Restaurant Spotlight: The Colville Street Patisserie

Walking into the Colville Street Patisserie is a dizzying experience. The display case boasts of a rainbow of fresh gelatos, ranging from mint to a tart, refreshing rhubarb. Their list of handmade sodas, luxurious hot chocolates, and perfect espressos adorn the drink menu. The pastry shelf has vanilla bean eclairs, buttery croissants, and chocolate mousse cakes.

 

Pastry chef Matthew Zack opened the Patisserie in 2005. Owners Tiffany Cain and David Christensen purchased the French bakery in 2008. Before that, Cain had owned the Weinhard Cafe in Dayton for ten years. Christensen had been the sous chef and pastry chef at the Whitehouse-Crawford. When Zack first trained Christensen, the two owners had no idea what would come next. “We never imagined we would buy it, but we were really passionate about French pastry,” Cain recalls. “We have added to it, made our own gelatos and homemade sodas. We’ve been having fun and learning as we go.”

Since they took the helm, Cain and Christensen have added even more diversity and uniqueness to their dessert menu. “We experimented around and added new flavors… the latest was the banana caramel.” Cain estimates that the Patisserie will offer a brand new recipe at least every other week. Right now, the tarragon chocolate cake is the newcomer in the display case.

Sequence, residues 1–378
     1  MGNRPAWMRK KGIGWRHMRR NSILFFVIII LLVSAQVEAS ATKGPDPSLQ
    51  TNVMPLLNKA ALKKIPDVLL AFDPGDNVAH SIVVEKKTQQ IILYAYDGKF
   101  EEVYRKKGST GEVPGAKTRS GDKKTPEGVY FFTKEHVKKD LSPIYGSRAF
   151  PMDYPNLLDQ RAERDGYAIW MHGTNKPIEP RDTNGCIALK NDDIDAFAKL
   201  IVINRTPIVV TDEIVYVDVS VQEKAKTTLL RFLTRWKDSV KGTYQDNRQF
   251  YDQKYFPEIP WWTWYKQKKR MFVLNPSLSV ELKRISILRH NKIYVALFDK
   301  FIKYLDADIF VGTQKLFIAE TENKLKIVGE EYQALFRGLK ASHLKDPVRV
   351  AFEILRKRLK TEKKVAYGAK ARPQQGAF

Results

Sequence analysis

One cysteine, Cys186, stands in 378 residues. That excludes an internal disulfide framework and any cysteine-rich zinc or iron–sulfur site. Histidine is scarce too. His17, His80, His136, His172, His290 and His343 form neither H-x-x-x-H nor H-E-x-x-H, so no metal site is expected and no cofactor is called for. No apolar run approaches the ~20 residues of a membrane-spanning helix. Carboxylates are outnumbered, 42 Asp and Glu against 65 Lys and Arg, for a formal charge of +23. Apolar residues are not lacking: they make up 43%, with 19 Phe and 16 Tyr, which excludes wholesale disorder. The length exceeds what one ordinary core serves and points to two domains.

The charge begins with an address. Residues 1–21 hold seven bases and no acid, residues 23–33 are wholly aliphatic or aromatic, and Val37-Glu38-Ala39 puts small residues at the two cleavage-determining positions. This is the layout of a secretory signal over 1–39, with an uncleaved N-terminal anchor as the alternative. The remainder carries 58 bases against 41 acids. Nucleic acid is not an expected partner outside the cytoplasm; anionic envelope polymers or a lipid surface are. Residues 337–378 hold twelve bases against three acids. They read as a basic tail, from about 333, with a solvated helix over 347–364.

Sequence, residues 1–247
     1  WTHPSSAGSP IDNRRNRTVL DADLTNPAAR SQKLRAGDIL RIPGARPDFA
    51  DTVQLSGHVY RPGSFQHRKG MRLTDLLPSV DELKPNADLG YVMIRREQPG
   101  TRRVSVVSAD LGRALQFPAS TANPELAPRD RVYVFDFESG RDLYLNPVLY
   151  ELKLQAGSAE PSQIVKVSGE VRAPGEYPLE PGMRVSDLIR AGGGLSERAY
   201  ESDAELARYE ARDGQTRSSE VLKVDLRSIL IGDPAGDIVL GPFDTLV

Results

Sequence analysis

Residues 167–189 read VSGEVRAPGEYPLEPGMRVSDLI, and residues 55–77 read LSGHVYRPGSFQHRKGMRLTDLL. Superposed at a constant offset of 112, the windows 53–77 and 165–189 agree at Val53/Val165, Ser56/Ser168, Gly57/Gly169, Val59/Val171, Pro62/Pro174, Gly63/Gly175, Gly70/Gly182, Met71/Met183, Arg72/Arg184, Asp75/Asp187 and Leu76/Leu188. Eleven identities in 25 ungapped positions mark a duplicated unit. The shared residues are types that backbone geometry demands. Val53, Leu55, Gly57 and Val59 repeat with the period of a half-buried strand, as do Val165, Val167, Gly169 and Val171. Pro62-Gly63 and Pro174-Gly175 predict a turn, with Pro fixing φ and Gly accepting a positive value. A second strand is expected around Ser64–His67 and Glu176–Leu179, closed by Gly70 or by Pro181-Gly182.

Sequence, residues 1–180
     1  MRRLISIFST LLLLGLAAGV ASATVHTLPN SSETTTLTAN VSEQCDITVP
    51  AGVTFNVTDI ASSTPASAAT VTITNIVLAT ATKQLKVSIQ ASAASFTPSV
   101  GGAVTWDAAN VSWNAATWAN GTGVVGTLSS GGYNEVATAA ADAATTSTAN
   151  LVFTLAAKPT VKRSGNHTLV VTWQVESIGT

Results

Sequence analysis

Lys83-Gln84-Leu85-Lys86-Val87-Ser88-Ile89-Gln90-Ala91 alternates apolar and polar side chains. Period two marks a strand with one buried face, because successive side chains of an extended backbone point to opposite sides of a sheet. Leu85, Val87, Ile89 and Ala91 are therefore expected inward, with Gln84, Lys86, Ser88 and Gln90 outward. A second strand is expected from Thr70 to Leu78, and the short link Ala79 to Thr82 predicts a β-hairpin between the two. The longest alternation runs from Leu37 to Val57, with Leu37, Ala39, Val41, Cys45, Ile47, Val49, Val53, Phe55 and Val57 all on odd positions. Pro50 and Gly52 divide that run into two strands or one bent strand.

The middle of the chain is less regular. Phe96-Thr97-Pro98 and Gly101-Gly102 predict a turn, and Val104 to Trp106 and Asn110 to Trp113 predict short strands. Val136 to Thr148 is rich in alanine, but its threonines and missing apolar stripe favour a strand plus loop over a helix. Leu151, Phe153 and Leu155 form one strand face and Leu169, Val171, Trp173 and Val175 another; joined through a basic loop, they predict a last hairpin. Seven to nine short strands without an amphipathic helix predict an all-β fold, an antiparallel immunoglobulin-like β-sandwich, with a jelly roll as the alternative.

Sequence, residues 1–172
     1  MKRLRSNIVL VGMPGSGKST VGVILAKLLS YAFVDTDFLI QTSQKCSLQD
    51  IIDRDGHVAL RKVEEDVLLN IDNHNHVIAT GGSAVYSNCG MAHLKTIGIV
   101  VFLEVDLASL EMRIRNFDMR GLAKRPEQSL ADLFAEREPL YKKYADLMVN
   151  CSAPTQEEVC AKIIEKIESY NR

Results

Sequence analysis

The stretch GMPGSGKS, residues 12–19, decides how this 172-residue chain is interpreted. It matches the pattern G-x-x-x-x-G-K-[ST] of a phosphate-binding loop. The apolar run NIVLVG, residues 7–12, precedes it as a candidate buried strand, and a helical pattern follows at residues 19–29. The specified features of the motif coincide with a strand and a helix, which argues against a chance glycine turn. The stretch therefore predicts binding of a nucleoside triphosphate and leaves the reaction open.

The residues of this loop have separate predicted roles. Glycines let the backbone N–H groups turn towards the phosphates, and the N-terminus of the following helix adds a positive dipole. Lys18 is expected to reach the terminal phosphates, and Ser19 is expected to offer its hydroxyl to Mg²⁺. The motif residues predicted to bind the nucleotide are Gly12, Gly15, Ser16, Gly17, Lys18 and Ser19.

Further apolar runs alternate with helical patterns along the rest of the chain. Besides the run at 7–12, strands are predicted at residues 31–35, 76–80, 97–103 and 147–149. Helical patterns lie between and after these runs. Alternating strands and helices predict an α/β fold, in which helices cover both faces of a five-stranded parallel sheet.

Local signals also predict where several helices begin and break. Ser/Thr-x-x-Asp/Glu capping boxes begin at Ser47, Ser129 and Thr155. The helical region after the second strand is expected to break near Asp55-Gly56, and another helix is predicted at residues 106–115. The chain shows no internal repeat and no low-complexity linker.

The Walla Walla agricultural opportunities have ensured that the Patisserie desserts are as fresh as possible. Cain smiles, observing, “We try to get [our ingredients] as local as we can”. Indeed, the Patisserie has employed some unique methods of getting local ingredients. Last year, they did a “call out” for local farmers to send them rhubarb.

In addition, they are stocked by Welcome Table Farm, an organic farm. Welcome Table is horse-only, meaning draft horses, not tractors, do all the work. Pure Eire Dairy, a local dairy with all-grass-fed cows, provides the milk for the gelato. In addition, Cain and Christensen frequent the Walla Walla Farmer’s Market. “That really determines what we are making,” Cain adds.